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  • Tuberculosis (TB) is a communicable infectious disease caused by Mycobacterium tuberculosis. It can produce silent, latent infection, as well as progressive, active disease. Globally, 2 billion people are infected and roughly 1.5 million people die from TB each year.


  • M. tuberculosis is transmitted from person to person by coughing or other activities that cause the organism to be aerosolized. Close contacts of TB patients are most likely to become infected.

  • Human immunodeficiency virus (HIV) is the most important risk factor for progressing to active TB, especially among people 25–44 years of age. An HIV-infected individual with TB infection is over 100-fold more likely to develop active disease than an HIV-seronegative patient.

  • Approximately 90% of patients who experience primary disease have no further clinical manifestations other than a positive skin test either alone or in combination with radiographic evidence of stable granulomas. Tissue necrosis and calcification of the originally infected site and regional lymph nodes may occur, resulting in the formation of a radiodense area referred to as a Ghon complex.

  • Approximately 5% of patients (usually children, the elderly, or the immunocompromised) experience progressive primary disease at the site of the primary infection (usually the lower lobes) and frequently by dissemination, leading to meningitis and often to involvement of the upper lobes of the lung as well.

  • Approximately 10% of patients develop reactivation disease, which arises subsequent to the hematogenous spread of the organism. In the United States, most cases of TB are believed to result from reactivation.

  • Occasionally, a massive inoculum of organisms may be introduced into the bloodstream, causing widely disseminated disease and granuloma formation known as miliary TB.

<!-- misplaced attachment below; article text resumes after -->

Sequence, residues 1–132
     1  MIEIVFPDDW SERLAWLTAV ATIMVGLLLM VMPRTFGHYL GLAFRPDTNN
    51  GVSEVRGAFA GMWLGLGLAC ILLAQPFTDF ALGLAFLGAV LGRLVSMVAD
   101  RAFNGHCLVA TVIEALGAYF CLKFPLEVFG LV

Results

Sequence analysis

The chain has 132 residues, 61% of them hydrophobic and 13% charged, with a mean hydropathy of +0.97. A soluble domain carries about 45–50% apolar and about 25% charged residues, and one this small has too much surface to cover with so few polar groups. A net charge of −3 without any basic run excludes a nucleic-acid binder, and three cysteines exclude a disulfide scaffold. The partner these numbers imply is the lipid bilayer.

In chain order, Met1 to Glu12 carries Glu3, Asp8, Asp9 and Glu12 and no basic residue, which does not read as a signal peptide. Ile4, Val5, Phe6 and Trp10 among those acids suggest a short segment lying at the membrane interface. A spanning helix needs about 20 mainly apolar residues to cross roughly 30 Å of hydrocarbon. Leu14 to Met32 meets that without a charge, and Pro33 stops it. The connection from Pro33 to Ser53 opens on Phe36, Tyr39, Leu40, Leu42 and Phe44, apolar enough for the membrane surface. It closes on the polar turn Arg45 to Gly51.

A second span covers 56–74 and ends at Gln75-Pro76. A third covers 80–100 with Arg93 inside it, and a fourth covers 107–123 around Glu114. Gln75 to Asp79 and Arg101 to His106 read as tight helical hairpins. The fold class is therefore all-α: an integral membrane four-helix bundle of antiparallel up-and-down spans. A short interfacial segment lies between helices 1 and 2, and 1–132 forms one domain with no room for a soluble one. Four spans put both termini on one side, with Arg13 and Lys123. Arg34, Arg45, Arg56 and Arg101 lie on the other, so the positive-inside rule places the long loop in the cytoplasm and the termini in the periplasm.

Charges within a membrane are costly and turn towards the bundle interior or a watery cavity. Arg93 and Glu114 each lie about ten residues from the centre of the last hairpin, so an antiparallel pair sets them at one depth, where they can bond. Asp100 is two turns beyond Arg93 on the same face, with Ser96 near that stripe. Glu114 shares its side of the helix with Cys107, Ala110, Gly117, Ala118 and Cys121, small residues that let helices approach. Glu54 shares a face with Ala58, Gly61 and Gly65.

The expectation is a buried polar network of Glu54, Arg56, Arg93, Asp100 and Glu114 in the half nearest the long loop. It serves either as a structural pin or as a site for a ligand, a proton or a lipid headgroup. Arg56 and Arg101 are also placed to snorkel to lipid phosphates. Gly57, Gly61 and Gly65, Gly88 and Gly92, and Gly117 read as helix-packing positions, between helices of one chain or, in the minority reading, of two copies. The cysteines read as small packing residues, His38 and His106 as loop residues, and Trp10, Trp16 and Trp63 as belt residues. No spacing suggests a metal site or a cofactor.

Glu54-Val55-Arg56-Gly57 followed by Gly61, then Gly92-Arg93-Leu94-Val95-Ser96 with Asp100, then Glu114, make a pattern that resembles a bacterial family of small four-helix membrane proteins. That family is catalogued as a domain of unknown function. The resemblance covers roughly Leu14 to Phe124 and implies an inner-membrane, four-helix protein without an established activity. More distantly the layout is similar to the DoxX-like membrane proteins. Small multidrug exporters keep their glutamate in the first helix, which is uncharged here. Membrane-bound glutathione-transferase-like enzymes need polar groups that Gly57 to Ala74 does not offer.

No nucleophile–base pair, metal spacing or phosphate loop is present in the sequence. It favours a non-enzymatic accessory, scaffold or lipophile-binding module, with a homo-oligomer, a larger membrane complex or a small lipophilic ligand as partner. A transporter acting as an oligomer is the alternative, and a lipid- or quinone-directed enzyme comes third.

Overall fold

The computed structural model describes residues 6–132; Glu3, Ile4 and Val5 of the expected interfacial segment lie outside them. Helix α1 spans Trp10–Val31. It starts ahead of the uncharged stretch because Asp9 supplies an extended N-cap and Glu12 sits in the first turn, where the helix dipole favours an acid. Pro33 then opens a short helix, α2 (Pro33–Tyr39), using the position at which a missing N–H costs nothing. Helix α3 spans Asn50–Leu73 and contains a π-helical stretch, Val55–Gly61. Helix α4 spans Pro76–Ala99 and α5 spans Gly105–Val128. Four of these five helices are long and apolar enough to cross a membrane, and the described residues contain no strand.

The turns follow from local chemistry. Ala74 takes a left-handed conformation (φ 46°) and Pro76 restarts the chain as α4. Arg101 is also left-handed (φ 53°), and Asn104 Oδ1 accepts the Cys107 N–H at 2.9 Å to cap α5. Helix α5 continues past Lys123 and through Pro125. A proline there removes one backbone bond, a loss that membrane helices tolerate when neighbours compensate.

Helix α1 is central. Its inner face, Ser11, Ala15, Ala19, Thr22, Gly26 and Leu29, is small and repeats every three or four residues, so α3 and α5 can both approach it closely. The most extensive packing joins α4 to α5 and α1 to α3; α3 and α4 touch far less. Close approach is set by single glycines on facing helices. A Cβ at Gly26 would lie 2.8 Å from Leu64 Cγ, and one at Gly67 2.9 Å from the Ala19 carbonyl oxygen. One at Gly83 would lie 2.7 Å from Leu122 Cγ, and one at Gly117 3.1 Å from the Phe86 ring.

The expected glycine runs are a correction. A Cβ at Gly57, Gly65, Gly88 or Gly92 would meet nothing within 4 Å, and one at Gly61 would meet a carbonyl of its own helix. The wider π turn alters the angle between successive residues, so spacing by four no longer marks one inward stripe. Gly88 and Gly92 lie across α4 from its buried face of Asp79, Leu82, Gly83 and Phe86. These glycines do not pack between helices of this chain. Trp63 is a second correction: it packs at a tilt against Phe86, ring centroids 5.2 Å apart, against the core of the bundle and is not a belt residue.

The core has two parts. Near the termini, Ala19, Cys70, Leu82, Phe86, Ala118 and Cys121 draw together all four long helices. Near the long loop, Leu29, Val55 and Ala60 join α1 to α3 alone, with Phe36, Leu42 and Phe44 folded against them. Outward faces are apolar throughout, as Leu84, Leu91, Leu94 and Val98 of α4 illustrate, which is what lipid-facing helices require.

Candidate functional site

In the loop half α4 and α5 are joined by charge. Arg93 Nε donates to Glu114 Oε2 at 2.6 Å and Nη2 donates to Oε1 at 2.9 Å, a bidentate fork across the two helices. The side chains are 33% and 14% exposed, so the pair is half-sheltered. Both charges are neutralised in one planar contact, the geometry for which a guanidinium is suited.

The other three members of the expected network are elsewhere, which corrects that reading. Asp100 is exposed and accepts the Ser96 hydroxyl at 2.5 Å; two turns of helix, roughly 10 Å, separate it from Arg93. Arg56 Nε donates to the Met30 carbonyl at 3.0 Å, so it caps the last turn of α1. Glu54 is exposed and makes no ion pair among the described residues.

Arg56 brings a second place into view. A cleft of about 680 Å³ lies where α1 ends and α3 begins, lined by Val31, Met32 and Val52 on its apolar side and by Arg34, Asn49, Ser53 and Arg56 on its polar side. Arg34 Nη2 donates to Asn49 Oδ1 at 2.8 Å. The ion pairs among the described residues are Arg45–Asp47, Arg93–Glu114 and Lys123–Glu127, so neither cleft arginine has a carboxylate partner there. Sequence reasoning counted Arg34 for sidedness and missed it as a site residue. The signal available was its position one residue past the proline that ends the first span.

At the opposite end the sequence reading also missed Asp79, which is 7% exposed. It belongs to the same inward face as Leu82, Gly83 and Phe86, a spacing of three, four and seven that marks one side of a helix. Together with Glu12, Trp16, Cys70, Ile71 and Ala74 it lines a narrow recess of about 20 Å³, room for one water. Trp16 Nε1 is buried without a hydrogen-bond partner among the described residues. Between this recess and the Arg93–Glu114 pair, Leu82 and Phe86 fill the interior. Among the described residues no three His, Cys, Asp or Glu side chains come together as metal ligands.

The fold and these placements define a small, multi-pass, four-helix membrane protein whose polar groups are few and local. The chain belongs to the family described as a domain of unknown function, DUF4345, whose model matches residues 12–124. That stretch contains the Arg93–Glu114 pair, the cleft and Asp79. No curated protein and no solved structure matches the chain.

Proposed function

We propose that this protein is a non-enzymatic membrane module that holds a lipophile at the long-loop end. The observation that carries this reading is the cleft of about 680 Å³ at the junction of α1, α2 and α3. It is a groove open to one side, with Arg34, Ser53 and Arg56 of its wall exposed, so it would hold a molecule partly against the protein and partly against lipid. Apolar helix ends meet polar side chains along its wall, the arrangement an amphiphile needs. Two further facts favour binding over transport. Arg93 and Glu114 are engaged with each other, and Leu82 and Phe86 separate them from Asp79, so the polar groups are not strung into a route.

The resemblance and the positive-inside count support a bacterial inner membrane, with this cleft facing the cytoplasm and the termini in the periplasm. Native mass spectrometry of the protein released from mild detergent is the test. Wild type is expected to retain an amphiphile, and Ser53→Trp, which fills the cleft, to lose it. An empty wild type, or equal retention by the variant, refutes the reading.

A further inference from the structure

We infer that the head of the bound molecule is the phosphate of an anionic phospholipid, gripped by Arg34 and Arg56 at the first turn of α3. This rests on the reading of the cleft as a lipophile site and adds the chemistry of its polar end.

• Patients with TB typically present with cough, weight loss, fatigue, fever, and night sweats. Symptom onset may be gradual.

  • Frank hemoptysis usually occurs late in the course of disease but may present earlier.

  • On physical examination, the patient is usually thin with evidence or recent weight loss. Dullness to chest percussion, rales, and increased vocal fremitus are often present, but a normal lung examination is common compared to the degree of radiological lung involvement.

  • The white blood cell (WBC) count is usually moderately elevated with lymphocyte predominance. A high platelet count (thrombocytosis) and mild-to-moderate anemia are common.

  • Sputum smear is done to detect mycobacteria. A fiber-optic bronchoscopy is performed if sputum tests are inconclusive and suspicion is high.

  • Chest radiograph shows patchy or nodular infiltrates in the apical areas of the upper lobes or the superior segment of the lower lobes. There may be cavitation that shows air–fluid levels as the infection progresses.

  • Clinical features associated with extrapulmonary TB vary depending on the organ system(s) involved but typically consist of slowly progressive decline of organ function with low-grade fever and other constitutional symptoms.

  • Patients with HIV may have atypical presentation. HIV-positive patients are less likely ...

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